Paraguayan project gets gold
A pioneering project in Paraguay aims to show that REDD (Reducing Emissions from Deforestation and Forest Degradation in Developing Countries) can deliver significant and lasting benefits to forest communities and biodiversity, while meeting corporate social responsibility commitments, and contributing to climate change mitigation by sequestering carbon.
The work has been independently validated and verified under procedures laid down by the Climate, Community and Biodiversity Alliance (CCBA), being awarded the Gold level The proponent of the project is Swire Pacific Offshore (SPO), a leading provider of services to the offshore oil and gas industry. As part of its commitment to become carbon neutral, SPO is seeking to offset its unavoidable emissions, estimated at 800,000 tonnes of carbon dioxide over 20 years. SPO has contracted Guyra Paraguay (BirdLife in Paraguay) and the World Land Trust (WLT) to develop the project.
WLT brings expertise in developing voluntary offset projects with benefits for biodiversity and communities, and Guyra Paraguay will contribute its experience of managing conservation projects on the ground in Paraguay. The project will focus first on San Rafael, one of the largest patches of Atlantic Forest remaining in Paraguay, covering around 69,304 ha. San Rafael was the first Important Bird Area to be identified in Paraguay. The 405 bird species recorded so far include 70 Atlantic Forest endemics, and 16 Near Threatened and 12 globally threatened species, including the Endangered Black-fronted Piping-Guan Pipile jacutinga and Marsh Seedeater Sporophila palustris.
The partners will work with the people of the La Amistad small-holder settlement, which lies within the forest, but occupies land removed from the area reserved for conservation management. The community has reduced the forest cover of their lands by over 50%, mostly for subsistence agriculture, supplemented by commercial crops of cotton, sesame and soya bean. Prices received for the cash-crops are low because of the long distance and poor access to markets.
The community is disadvantaged in many ways, with unequal access to clean piped water and electricity. Local education is only to primary level, and there is no clinic. However, the settlement has a well-organised village council, and community solidarity is good. The project will pay community members to retain and improve the quality of forest on their land, in preference to clearing it for agriculture. Payment levels are set to compete with cotton as an alternative land-use. 75% of the payment will be made to individual land occupiers, and 25% to actions benefiting the community as a whole. Payments will also be made for reforestation, so that community members without natural forest on their land will also benefit.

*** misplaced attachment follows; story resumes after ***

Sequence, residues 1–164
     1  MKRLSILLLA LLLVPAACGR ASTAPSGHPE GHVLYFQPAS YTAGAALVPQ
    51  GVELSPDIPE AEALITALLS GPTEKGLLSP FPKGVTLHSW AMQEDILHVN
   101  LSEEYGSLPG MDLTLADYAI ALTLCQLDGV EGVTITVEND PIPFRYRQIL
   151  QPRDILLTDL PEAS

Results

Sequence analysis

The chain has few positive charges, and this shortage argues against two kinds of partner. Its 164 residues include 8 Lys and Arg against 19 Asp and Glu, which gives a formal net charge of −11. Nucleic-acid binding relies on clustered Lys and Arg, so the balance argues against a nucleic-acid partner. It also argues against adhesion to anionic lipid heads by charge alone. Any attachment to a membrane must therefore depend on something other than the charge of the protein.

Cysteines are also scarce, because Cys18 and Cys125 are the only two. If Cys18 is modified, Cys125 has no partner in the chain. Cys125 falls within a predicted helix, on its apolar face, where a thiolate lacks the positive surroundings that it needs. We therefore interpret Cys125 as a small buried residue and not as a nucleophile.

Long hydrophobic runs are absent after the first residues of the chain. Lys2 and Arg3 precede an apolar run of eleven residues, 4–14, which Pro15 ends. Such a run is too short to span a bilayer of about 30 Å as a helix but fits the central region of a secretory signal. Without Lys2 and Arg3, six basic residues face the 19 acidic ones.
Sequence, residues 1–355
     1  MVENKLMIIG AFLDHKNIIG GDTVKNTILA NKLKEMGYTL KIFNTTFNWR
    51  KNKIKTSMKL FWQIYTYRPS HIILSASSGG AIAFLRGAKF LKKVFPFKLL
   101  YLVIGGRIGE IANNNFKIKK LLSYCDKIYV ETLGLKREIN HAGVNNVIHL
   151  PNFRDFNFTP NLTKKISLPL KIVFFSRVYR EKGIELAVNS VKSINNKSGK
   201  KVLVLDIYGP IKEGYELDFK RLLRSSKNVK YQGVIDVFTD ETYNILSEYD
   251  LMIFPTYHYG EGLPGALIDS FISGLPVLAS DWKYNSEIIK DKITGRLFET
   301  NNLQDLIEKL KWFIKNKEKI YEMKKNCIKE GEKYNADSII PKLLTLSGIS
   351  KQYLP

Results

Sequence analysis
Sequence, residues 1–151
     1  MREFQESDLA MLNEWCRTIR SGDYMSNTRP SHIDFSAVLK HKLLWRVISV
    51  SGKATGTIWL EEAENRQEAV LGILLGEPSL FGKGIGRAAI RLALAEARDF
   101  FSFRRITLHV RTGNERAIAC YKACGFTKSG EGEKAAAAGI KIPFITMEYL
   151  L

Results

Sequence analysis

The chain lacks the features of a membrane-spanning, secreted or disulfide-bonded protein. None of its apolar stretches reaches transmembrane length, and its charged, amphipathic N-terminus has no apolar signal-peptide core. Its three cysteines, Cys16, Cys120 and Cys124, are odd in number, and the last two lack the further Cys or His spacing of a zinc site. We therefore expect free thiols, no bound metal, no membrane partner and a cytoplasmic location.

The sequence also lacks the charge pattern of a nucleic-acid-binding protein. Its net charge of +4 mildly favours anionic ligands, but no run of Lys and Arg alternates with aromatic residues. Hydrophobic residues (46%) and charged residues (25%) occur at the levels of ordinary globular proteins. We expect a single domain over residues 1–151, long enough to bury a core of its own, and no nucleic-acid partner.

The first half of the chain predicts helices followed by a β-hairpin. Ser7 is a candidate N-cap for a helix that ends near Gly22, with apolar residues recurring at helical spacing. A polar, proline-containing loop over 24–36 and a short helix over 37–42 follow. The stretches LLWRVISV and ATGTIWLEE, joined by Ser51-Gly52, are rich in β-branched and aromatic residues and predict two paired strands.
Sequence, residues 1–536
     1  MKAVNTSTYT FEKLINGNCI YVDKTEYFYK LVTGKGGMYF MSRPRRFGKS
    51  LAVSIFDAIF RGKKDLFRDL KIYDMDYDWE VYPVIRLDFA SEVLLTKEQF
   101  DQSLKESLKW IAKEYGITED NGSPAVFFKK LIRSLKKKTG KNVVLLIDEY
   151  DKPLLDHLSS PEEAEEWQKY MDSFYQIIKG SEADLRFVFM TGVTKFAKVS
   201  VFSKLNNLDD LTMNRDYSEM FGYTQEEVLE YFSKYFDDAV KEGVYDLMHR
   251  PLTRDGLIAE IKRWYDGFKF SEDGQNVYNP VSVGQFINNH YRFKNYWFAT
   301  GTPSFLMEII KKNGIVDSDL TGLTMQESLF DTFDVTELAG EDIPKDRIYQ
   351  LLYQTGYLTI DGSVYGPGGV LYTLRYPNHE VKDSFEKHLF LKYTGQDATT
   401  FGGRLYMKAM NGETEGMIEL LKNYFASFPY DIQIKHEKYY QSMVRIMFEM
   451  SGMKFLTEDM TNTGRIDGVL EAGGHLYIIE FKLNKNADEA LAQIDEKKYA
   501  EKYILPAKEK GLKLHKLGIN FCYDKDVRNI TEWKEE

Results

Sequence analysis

“The scheme gives an additional long-term revenue stream to individual community members, so acting directly on the ability of individual households to meet basic needs”, said Guyra Paraguay’s CEO, Alberto Yanosky. The relative advantages are expected to be highest for the poorest households. The scheme will be voluntary, with individual community members contributing parts of their parcels of land to a community forest reserve, intended to be permanent, but allowing continued sustainable use by community members.
Retaining rather than clearing the forest will reduce the amount of land available for cultivation. The community will be given training enabling them to improve productivity and profitably from smaller areas of land. They will also be offered training in sustainable community forest management planning, management and operations. The project will also work with the Mbyá Guarani, the indigenous people of the San Rafael area (which they traditionally know as Tekoha Guasu), helping them secure broader recognition of their interests and rights in their traditional territories.
Continuous consultation will be maintained with both the La Amistad community and the Mbyá Guarani throughout project implementation. There is potential for significant expansion of the project area if the consent of the Mbyá Guarani can be obtained, following the more extensive prior consultation their representatives have requested.
“Guyra Paraguay developed its capacity to measure carbon, work on climate change issues and collaborate with the La Amistad and other communities in San Rafael with the support of Nature Canada and the Canadian International Development Agency (CIDA), through various projects spanning a decade of Paraguay-Canada collaboration. We are developing the first operational ‘payment for environmental services’ scheme for Paraguay, and one of the first in the world, offering additional income-generating opportunities for disadvantaged rural communities”, said Alberto Yanovsky,
“It will make a significant contribution to biodiversity conservation in an areas of recognised global importance, and through the establishment of a trust fund, will offer a means of securing long-term financing to ensure the permanence of these benefits.” Yanosky added: “In short, the project demonstrates the potential of ‘avoided deforestation’ to combine a wide spread of interests -corporate responsibility, climate change, biodiversity conservation, betterment of economic conditions for small landholders, promotion of indigenous rights- to the common good. It offers a huge opportunity for expansion, and a pilot to the world to “learn by doing” on all the aspects associated with this type of project, especially the economic, social and environmental benefits for countries facing the huge challenge of developing, but finding that forests and agriculture appear not to be compatible.”